On Thursday, June 25, 2009 the world was silenced for a few moments. Shortly after, one could hear the sound of tears, weeping, and screams as well as music being played on every radio station in honor of Michael Jackson, one of America's greatest icons. A lot of people would like to know how to deal with grief. Grief can be defined as a multifaceted response to loss. It includes the emotional numbness, disbelief, separation, anxiety, despair, sadness, and loneliness that accompany the loss of someone or some thing that is loved. Everyone experiences loss or change at sometime in life and understanding grief can help you to deal with your feelings and to eventually grow and become a stronger person. Grief is apart of the healing process.
When dealing with grief be certain to take care of your emotional needs. This can be done by expressing your feelings. When painful feelings are repressed it can create and lead to additional concerns. Accept help from friends and family members, they often can ease the pain and help you to get through difficult moments. If you begin to see major changes such as fatigue, consistent feelings of sadness, excessive weight loss and or gain you may need to seek professional help. This does not mean you are crazy but it does mean you are in the red zone and could benefit from speaking with someone other than a family member. Keep in mind that it is normal to feel sad and it is beneficial to get plenty of rest. Set short-term goals which list some quick activities or things to do such as visiting friends or writing letters. Recognize your progress and treat yourself to something you like. If you feel like it is taking you longer than normal to do things such as go to the post office, set a time limit for yourself to assist you with staying on track. Try new activities to help you through this difficult time. It's a great opportunity to take that new aerobics class at the gym or that cooking class at your neighborhood grocery store. Be informed! Call your town's help line for a list of support groups that is going on in your areal. Often it is helpful to be around someone who has been through a similar situation; it normalizes you and help you to stay stable.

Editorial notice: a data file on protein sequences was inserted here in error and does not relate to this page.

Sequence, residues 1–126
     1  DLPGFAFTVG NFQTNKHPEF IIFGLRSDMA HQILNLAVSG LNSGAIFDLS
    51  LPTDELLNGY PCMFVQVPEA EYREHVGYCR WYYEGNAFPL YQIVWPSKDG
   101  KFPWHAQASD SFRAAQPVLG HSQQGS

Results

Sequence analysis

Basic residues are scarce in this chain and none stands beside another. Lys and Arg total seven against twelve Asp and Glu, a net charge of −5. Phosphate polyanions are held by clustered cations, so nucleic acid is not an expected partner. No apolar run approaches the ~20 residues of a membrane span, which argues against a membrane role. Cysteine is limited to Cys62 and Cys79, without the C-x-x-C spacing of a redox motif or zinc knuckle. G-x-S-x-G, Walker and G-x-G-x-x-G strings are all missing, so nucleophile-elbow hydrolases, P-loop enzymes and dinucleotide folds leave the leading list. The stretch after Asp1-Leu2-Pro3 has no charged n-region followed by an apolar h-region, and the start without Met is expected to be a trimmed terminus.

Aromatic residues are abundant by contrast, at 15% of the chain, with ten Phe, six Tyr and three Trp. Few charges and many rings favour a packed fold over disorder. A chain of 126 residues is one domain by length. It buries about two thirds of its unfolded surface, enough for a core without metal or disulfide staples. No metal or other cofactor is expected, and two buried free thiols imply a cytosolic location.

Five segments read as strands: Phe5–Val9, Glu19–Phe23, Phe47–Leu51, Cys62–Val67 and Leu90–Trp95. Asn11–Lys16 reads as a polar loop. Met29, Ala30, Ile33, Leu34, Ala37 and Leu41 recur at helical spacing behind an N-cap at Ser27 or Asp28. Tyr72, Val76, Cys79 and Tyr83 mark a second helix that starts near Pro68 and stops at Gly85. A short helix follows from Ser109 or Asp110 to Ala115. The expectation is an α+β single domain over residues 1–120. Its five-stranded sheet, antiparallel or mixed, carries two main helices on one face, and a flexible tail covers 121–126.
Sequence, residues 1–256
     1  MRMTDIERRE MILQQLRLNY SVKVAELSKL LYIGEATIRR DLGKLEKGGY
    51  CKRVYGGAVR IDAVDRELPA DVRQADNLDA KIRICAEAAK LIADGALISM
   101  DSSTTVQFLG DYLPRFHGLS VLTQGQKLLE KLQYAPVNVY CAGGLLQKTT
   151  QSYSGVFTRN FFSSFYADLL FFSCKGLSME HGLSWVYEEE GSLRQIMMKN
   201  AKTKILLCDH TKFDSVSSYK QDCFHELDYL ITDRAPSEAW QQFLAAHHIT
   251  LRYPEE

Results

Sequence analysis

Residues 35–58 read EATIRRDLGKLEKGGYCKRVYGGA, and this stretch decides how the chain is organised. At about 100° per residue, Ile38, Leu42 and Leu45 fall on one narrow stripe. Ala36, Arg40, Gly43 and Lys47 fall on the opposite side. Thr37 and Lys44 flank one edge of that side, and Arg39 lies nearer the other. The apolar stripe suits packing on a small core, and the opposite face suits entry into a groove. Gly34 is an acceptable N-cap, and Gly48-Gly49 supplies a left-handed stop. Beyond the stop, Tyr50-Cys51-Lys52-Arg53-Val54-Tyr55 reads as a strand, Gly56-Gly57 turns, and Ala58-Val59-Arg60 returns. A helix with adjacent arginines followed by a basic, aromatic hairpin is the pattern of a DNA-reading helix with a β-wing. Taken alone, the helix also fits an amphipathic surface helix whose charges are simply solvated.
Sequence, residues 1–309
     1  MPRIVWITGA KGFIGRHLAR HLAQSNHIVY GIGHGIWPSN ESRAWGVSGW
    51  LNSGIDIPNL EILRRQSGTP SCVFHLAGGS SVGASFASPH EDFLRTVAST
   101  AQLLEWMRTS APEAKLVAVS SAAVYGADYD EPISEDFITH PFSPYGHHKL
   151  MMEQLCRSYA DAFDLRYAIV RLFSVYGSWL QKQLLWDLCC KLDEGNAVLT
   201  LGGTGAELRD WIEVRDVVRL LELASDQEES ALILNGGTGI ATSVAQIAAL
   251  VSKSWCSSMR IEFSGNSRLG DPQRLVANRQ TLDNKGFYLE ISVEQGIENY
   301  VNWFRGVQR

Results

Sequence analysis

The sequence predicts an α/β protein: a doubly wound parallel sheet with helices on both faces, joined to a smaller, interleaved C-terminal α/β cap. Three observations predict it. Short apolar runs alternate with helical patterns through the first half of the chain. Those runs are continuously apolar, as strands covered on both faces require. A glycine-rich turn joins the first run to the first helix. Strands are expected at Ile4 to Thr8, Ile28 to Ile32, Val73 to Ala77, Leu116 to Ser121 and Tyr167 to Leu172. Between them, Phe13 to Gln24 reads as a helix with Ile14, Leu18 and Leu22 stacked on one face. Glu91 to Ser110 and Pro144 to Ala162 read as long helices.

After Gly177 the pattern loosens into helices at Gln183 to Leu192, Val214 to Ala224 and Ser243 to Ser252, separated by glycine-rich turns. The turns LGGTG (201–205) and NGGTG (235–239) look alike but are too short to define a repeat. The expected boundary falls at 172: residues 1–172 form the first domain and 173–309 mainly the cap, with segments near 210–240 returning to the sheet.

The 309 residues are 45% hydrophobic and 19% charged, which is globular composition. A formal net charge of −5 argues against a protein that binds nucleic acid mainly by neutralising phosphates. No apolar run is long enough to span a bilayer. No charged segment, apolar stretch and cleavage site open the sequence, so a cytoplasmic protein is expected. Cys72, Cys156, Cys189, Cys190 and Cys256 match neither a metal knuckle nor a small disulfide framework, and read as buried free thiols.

If someone you know is grieving be present. Being able to sit with someone face to face is power. If you are unable to be there send letters, e-mail, or make phone calls. Don't get caught up with your own feelings and make the conversation about you, become a good listener and that will decease feelings of anxiety for the other person. Be patient and respectful and remember that everyone owns his/her own feelings and grieve in their own way. If you sense your friend is asking for space then give him/her space. Continue to check in with your friend periodically. Recovery takes time; remember it has to rain in order to the sun to shine!